That’s an Expression

You are probably familiar with the kinds of expressions that a calculator interprets. Look at the following arithmetic expression:

2 + 4

“Two plus four” consists of several constants or literal values and an operator. A calculator program must recognize, for instance, that “2” is a numeric constant and that the plus sign represents an operator, not to be interpreted as the “+” character.

An expression tells the computer how to produce a result. Although it is the result of “two plus four” that we really want, we don’t simply tell the computer to return a six. We instruct the computer to evaluate the expression and return a value.

An expression can be more complicated than “2 + 4”; in fact, it might consist of multiple simple expressions, such as the following:

2 + 3 * 4

A calculator normally evaluates an expression from left to right. However, certain operators have precedence over others: that is, they will be performed first. Thus, the above expression will evaluate to 14 and not 20 because multiplication takes precedence over addition. Precedence can be overridden by placing the simple expression in parentheses. Thus, “(2 + 3) * 4” or “the sum of two plus three times four” will evaluate to 20. The parentheses are symbols that instruct the calculator to change the order in which the expression is evaluated.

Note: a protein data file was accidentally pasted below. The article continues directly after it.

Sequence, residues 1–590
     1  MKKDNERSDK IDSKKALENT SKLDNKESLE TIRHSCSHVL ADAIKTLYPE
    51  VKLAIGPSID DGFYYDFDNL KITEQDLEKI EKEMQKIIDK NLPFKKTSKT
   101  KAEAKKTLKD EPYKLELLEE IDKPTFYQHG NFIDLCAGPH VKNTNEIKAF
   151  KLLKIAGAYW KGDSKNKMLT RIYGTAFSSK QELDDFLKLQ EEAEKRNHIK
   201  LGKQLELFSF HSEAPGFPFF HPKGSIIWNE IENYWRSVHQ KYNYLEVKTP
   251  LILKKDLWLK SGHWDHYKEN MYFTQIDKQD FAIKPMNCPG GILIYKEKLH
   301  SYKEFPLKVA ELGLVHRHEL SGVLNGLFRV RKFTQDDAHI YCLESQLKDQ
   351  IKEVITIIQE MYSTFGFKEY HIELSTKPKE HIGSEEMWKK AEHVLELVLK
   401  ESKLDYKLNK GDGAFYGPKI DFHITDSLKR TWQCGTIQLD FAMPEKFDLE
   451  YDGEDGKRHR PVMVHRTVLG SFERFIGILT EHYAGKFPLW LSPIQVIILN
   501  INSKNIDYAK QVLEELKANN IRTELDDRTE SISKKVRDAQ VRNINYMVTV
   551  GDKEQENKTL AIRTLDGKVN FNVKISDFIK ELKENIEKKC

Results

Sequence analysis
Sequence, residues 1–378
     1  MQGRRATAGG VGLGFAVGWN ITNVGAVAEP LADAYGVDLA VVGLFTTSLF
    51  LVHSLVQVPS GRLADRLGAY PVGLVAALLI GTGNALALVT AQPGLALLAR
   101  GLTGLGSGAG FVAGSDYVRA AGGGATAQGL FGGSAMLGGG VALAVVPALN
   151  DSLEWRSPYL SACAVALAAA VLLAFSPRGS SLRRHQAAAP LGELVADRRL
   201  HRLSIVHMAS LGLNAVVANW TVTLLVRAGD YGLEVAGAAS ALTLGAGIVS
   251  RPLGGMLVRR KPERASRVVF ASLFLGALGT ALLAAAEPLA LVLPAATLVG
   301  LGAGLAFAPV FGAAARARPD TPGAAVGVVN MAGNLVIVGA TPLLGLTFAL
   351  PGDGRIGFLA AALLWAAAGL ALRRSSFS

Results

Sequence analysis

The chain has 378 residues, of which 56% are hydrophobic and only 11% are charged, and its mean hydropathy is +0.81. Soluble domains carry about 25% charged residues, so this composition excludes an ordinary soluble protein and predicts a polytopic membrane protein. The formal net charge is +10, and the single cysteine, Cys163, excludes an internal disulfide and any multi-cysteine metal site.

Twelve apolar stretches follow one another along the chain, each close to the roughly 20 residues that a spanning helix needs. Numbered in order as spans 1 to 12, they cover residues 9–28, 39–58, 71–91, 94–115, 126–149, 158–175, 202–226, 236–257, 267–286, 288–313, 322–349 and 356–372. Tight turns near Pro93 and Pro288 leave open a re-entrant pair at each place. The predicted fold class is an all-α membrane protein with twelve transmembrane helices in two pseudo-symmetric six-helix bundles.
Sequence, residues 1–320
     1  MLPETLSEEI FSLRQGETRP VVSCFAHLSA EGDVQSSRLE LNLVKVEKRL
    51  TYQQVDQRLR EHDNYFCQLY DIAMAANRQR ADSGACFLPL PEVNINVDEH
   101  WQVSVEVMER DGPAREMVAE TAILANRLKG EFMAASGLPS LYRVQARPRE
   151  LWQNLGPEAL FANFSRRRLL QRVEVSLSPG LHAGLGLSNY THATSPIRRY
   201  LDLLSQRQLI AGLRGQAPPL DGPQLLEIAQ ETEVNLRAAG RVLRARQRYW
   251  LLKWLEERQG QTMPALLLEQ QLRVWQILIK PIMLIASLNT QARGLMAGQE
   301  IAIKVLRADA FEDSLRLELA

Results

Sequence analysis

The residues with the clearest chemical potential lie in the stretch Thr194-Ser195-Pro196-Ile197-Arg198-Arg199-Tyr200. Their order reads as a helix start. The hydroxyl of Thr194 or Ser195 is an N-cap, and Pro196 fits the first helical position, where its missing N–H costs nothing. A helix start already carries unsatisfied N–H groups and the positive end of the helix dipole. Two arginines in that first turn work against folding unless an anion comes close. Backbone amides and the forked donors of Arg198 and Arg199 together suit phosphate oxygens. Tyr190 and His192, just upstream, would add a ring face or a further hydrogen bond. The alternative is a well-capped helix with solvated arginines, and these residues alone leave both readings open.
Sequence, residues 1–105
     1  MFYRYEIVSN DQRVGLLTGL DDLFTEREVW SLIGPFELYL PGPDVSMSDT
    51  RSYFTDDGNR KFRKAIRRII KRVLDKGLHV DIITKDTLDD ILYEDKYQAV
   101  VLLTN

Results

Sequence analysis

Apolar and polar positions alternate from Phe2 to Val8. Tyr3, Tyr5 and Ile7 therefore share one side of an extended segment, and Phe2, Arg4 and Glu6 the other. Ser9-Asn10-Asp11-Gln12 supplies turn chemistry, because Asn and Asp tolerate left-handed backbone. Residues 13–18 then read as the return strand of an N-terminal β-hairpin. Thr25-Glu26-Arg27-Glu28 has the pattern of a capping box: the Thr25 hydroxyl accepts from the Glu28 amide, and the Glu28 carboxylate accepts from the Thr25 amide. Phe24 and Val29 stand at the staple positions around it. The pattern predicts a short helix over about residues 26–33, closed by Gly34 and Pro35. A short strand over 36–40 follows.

A regular expression, by contrast, describes a pattern or sequence of characters. Concatenation is the basic operation implied in every regular expression. ...

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